The expression "basic ethical principles" refers to those general judgments that serve as a justification for particular ethical prescriptions and evaluations of human actions.

Three basic principles, among those generally accepted in our cultural tradition, are particularly relevant to the ethics of research involving human subjects: the principles of respect of persons, beneficence and justice. These are based on the Belmont Report.

1. Respect for Persons. -- Respect for persons incorporates at least two ethical convictions: first, that individuals should be treated as autonomous agents, and second, that persons with diminished autonomy are entitled to protection. The principle of respect for persons thus divides into two separate moral requirements: the requirement to acknowledge autonomy and the requirement to protect those with diminished autonomy.

In most cases of research involving human subjects, respect for persons demands that subjects enter into the research voluntarily and with adequate information.

To respect autonomy is to give weight to autonomous persons' considered opinions and choices while refraining from obstructing their actions unless they are clearly detrimental to others. Respect for the immature and the incapacitated may require protecting them as they mature or while they are incapacitated.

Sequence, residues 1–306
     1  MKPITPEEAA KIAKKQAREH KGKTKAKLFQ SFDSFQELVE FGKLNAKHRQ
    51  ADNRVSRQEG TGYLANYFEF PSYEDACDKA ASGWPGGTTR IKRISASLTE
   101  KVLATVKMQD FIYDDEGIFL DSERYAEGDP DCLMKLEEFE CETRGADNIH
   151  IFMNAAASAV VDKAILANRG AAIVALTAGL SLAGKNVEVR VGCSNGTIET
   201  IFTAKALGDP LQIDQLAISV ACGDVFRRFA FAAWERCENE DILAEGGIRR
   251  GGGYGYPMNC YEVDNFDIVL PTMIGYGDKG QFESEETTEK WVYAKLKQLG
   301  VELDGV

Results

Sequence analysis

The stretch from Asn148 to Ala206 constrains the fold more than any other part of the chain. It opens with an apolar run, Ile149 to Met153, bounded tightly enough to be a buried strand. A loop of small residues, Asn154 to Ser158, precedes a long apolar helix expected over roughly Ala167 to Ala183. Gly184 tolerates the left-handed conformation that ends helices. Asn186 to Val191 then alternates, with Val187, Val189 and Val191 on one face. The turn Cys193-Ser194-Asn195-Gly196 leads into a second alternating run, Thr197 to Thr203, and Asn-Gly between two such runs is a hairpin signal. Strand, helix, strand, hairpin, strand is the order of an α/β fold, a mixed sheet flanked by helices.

Some persons are in need of extensive protection. The extent of protection afforded should depend upon the risk of harm and the likelihood of benefit. The judgment that any individual lacks autonomy should be periodically reevaluated and will vary in different situations.

2. Beneficence. -- Persons are treated in an ethical manner not only by respecting their decisions and protecting them from harm, but also by making efforts to secure their well-being. Such treatment falls under the principle of beneficence. Two general rules have been formulated as complementary expressions of beneficent actions in this sense: (1) do not harm and (2) maximize possible benefits and minimize possible harms. As with all hard cases, the different claims covered by the principle of beneficence may come into conflict and force difficult choices.

3. Justice. -- Who ought to receive the benefits of research and bear its burdens? This is a question of justice, in the sense of “fairness in distribution” or “what is deserved.” An injustice occurs when some benefit to which a person is entitled is denied without good reason or when some burden is imposed unduly. Another way of conceiving the principle of justice is that equals ought to be treated equally.

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